Last night a friend of mine invited me over to finally watch Firefly. I've been meaning to do it; it's been in my Netflix queue forever. It sort of had become that thing you have every intention of doing (like a bikini wax) but the commitment is just too much.
And, like many things in life, watching a new TV series (or reading a new book, or watching a play) is sort of like dating: awkward at first and then, hopefully, wonderful. There are the bad dates too: the series you have high hopes for but lets you down (Earth 2). And there are the good dates, the dates all others are measured against: Battlestar Gallactica, and in ages past, X-Files. Was I ready to commit to a new relationship with a television show? Does my philosophising here smack of pathetic?
Yes. And Yes.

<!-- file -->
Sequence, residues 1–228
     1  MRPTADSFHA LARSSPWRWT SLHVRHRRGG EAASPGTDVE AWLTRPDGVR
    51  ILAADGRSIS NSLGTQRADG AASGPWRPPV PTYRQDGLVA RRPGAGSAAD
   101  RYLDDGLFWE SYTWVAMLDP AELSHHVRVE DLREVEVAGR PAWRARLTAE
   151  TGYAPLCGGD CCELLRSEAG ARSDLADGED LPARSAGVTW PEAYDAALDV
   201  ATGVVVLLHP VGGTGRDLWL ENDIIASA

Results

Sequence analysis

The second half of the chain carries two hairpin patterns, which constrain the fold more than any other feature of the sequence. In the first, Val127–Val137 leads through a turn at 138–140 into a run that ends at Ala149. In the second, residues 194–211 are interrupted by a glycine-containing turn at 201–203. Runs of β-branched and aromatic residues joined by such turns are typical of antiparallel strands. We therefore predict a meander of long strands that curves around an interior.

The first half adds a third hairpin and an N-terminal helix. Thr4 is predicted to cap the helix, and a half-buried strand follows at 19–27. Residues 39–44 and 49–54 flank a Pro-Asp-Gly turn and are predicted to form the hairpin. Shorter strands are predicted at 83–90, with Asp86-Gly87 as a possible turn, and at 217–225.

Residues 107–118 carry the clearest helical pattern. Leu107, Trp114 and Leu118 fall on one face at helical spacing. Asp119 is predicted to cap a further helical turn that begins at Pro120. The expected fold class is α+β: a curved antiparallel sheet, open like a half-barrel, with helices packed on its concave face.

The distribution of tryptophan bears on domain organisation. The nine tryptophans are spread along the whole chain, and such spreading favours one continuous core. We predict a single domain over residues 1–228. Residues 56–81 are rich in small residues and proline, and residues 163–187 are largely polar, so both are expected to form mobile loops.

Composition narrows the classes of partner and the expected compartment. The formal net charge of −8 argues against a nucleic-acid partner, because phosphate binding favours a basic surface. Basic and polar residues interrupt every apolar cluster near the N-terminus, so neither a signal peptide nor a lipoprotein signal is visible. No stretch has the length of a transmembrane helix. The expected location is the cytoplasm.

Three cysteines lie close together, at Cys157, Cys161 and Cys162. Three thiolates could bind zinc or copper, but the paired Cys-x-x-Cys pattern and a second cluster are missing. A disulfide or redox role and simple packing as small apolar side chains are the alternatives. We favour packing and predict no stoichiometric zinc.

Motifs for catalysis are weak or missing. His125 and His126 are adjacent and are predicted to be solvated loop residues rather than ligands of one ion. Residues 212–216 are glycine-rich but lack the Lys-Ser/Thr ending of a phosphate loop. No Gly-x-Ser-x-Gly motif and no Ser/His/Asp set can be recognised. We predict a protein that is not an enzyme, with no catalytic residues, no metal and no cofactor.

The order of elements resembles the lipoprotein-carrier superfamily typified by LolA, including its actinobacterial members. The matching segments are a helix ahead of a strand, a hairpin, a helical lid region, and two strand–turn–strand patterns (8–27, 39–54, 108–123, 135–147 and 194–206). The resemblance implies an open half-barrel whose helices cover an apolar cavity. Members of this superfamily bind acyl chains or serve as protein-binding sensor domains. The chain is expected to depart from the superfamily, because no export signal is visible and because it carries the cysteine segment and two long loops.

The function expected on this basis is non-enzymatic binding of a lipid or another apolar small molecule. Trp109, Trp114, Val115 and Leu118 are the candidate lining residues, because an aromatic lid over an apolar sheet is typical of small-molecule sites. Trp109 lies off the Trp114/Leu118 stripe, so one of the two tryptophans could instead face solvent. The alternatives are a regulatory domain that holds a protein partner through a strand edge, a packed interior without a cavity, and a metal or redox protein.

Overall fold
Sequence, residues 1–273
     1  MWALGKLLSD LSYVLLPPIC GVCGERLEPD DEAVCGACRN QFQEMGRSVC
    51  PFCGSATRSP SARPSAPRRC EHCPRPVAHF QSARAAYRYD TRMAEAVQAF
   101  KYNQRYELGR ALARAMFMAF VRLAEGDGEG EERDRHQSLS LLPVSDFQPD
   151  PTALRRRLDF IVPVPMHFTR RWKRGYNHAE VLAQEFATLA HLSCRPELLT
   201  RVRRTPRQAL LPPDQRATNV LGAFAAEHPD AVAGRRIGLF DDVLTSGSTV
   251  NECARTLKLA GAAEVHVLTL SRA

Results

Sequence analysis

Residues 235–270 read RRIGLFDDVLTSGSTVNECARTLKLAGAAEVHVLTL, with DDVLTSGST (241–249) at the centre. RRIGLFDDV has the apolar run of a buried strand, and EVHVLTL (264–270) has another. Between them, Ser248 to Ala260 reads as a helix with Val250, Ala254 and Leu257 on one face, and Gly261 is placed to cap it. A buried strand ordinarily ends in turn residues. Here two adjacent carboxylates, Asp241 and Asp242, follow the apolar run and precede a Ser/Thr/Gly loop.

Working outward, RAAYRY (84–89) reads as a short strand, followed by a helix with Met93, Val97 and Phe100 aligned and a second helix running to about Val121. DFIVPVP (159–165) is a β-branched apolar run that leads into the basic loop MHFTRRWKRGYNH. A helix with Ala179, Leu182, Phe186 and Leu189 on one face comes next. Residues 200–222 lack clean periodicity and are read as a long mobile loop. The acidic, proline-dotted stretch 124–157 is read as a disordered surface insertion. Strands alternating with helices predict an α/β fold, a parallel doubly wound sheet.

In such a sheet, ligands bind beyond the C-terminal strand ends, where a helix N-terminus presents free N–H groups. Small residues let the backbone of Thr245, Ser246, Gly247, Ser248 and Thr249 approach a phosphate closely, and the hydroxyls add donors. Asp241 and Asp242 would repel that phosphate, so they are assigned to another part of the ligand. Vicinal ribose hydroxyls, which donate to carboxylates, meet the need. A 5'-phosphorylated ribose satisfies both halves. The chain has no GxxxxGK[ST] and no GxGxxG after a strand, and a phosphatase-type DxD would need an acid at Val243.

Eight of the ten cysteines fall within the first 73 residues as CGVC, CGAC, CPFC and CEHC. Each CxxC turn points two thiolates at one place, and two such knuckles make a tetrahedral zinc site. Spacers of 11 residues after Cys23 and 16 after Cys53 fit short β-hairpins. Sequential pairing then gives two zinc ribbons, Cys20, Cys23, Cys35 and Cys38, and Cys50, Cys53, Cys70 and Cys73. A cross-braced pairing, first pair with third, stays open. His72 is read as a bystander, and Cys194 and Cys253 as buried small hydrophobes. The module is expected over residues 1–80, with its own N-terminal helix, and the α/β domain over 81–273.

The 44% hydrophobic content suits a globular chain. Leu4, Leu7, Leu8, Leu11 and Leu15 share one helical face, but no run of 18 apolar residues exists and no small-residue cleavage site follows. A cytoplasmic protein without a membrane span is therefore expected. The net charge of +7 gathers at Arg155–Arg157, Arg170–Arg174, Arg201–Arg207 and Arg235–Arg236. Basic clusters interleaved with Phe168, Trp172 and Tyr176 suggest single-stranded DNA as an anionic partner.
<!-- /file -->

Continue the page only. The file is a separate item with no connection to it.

Here's the thing about sci-fi, the genius of it if you will. (My friend and I discussed this heatedly and agreed. Of course, we're both geeks, but that's an aside.) Science Fiction isn't science fiction at all; it's simply a setting that enables characters to live to their fullest. It's a setting that allows writers to break the rules of our everyday world and stretch characters to their utmost. Much like war dramas show man v. man, and romances show women v. their own hearts.
Mythology does this too...putting characters in ridiculous situations. Consider poor Atlas carrying the weight of the world on his shoulders. But what does carrying the world on your shoulders MEAN? I have met Atlas before, the broken man, the broken woman, the life that goes on but with unendurable suffering. The truth of what it means is too painful, but metaphor, oh, we get metaphor.
Sci-fi---when it is good, it is very very good. It's poetic. Grand. Funny. Heartbreaking. And when it is bad, there are furry puffballs multiplying like psychotic rabbits. But even that, really, is good in its own way.